International lawyers and law students around the world now have a dynamic new tool to assist them in their work and studies, thanks to today's launch (6 September) of the AustLII International Law Library.
International Court of Justice judge Sir Kenneth James Keith ONZ KBE QC was on hand to launch the library, which is free to use and based online, and contains more than 80,000 searchable documents.
Amongst the documents are 25,000 decisions of international courts and tribunals, over 30,000 treaties and international agreements (including the League of Nations and UN Treaties Series), international law journals and law reform materials.
During the launch, which was held at AustLII's offices and was attended by prominent international and humanitarian lawyers and stakeholders, Justice Keith spoke of the change which has occurred since his student days.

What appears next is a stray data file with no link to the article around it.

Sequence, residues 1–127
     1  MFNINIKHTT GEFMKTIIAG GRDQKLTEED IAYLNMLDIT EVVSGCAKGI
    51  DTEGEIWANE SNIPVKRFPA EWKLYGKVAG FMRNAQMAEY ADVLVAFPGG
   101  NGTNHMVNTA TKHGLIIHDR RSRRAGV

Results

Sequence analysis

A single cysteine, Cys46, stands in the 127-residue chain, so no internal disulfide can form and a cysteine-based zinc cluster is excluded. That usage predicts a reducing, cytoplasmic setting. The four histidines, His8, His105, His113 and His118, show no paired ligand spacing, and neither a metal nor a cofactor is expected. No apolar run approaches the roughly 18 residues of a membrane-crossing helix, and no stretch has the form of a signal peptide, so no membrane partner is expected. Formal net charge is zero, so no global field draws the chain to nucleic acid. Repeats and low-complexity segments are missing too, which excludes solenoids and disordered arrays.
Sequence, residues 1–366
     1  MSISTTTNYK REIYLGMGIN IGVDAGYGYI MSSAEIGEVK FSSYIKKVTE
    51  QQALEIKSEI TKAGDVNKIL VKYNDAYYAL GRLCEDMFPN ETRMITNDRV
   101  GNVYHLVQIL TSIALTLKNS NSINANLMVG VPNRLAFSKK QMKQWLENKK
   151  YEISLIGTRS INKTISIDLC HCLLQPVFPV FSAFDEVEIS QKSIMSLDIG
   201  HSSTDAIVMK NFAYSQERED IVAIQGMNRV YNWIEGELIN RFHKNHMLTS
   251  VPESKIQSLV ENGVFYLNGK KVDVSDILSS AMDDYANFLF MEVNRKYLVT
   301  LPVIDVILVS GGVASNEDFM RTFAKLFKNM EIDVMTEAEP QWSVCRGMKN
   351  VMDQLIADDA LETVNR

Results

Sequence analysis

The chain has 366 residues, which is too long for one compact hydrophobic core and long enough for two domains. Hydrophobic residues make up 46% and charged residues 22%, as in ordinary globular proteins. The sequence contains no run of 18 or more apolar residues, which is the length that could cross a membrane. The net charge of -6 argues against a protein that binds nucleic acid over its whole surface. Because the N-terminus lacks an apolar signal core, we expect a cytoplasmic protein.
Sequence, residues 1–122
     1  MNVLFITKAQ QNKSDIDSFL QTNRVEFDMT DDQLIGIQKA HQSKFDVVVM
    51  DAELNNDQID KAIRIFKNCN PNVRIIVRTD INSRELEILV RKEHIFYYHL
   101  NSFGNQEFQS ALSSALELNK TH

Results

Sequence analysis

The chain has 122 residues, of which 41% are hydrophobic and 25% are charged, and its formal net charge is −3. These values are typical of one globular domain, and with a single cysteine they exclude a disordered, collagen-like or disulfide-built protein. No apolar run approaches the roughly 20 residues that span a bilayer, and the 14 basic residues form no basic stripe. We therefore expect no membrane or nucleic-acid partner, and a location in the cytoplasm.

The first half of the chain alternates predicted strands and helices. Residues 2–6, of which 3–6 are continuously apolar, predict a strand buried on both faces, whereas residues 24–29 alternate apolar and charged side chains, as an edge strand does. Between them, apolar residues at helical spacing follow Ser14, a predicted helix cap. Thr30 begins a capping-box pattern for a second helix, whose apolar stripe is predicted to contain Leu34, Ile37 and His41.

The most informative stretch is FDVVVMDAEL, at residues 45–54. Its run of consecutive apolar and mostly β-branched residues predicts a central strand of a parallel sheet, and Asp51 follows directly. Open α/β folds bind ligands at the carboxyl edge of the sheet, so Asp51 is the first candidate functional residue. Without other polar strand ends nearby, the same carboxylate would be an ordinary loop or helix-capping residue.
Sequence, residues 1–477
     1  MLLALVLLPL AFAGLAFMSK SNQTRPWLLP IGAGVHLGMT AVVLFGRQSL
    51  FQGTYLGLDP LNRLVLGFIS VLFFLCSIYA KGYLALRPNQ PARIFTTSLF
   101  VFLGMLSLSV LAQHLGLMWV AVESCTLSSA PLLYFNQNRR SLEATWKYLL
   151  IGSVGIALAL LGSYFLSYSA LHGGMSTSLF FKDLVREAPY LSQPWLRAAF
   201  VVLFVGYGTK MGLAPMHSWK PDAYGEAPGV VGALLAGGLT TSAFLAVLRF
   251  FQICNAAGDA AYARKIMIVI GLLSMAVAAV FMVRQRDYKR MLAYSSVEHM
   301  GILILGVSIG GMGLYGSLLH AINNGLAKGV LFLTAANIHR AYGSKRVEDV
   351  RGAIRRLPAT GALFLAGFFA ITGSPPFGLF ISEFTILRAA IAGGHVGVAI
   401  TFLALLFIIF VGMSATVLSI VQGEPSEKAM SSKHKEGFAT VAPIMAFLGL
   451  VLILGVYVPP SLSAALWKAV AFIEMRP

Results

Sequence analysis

"When I was a law student, a little over 50 years ago, the law library I used had fewer than 2000 books.
Amazing technological developments, along with the essential contribution of AustLII and its collaborators around the globe, now provide us with riches unimaginable then. Our challenge is to find the wisdom to make the best possible use of those resources in support of the international rule of law," he said.
"The International Law Library is one of the internet's best research resources for international law, and I use it regularly in my work".
The International Law Library was developed with a grant received from the Australian Research Council, and a number of partner organisations - including UNSW, UTS, ANU, UWS, USyd, DFAT and advisory panel members from other universities - supported its development.
The International Law Library is available on WorldLII and operated by AustLII at: www.worldlii.org/int/special/ihl
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